In December, Gucci claimed that the “recent explosion” of online counterfeiting has required it to expend “significant time and money” to protect itself and consumers from the “ill effects of confusion and the erosion of the goodwill connected to Gucci’s brand.”
Chanel targeted nearly 90 online counterfeiters in a trademark infringement suit, alleging that the counterfeiters had sold fake bags, tops, cases for telephones, and protective covers for portable electronic devices online.
“The goal of these types of lawsuits is simply to remove sites, or where possible, to seize funds from e-commerce accounts that may be connected to those sites and their illegal transactions,” Mr. Pierce explains.
Brand owners are turning to outsourced technology-based online monitoring and takedown solutions, as “fewer rights holders are able to keep pace with the growth in e-commerce through in-house ‘self-help’ alone,” says Mr. Newman.
There’s also been a move away from merely monitoring and issuing takedowns to a more strategic approach to online enforcement, becoming proactive rather than just reactive.
Mr. Newman explains: “This means developing strategies that don’t merely aim to reduce the visibility of online infringements, but actually try to deter key infringers.”
Rights holders have invested in more sophisticated monitoring, which essentially “joins the dots looking for clusters of activity relating to a single target,” he adds.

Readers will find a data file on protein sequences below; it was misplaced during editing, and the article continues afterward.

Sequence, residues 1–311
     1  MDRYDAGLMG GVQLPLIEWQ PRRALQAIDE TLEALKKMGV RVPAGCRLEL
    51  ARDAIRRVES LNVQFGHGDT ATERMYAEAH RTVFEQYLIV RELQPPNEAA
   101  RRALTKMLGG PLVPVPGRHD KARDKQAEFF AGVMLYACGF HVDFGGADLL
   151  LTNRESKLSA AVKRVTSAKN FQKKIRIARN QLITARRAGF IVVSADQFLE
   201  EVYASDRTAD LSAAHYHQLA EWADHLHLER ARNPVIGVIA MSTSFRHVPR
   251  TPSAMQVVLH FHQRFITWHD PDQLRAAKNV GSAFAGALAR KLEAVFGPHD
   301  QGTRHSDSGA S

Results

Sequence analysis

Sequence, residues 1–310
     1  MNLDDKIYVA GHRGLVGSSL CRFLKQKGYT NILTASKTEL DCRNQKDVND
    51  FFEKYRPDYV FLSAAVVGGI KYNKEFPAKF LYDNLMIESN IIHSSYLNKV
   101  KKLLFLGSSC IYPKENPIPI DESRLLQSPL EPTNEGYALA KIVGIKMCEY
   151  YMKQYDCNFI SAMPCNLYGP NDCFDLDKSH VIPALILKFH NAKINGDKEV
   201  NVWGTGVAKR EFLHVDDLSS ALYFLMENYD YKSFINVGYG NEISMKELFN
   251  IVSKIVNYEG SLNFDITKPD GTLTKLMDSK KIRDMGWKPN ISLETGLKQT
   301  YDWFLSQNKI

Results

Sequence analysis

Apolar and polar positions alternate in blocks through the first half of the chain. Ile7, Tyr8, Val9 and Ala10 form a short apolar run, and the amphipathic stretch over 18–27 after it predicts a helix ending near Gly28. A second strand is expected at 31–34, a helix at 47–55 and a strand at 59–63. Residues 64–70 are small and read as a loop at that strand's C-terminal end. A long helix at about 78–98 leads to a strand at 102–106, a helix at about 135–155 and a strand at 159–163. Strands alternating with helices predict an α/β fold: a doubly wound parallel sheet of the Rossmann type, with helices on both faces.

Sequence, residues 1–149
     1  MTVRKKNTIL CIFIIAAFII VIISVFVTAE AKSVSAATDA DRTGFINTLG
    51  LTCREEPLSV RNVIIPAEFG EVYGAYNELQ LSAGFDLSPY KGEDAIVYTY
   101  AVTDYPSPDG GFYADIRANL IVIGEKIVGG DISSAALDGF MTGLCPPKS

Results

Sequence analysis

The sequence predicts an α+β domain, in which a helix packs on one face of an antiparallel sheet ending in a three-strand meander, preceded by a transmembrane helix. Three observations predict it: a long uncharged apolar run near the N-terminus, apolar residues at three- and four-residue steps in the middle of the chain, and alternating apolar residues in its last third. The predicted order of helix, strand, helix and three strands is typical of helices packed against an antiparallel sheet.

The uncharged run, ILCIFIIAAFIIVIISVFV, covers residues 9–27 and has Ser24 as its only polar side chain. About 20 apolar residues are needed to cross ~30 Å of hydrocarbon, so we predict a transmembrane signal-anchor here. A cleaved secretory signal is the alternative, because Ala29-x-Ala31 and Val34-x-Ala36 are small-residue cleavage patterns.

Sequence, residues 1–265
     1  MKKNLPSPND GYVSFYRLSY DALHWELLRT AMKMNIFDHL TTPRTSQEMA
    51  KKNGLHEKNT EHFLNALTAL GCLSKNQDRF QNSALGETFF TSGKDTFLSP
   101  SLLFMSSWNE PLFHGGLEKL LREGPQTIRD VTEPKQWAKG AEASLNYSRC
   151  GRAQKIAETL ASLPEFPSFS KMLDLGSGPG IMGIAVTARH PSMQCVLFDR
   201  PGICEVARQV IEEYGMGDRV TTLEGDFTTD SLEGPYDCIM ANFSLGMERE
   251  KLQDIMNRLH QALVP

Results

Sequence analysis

“They’re also seeking to take deterrent action closer to the source,” says Mr. Newman.
Mr. Pierce adds that major brands are making increased efforts on initiatives designed to work with e-commerce platforms instead of suing them.
“A number of brands use e-commerce platforms as distribution channels for certain products and may have business arrangements with the major platforms. You won’t find many big businesses that are willing to sue the platforms in order to stop the sale of infringing goods,” he explains.
Instead, the brands are looking for more ways to work with the platforms and provide information that will allow the platforms to delist sellers of infringing goods.
Mr. Newman agrees, explaining that rights holders are also taking strategic approaches to engagement with e-commerce stakeholders to help further differentiate genuine from infringing products online.
Working with China to Curb Counterfeits
China is the manufacturing hub of the world, and as a result has long struggled with counterfeiting issues. The U.S. Chamber of Commerce Global Intellectual Property Center estimated that US $396.5 billion counterfeit goods are produced in China and Hong Kong SAR, China each year.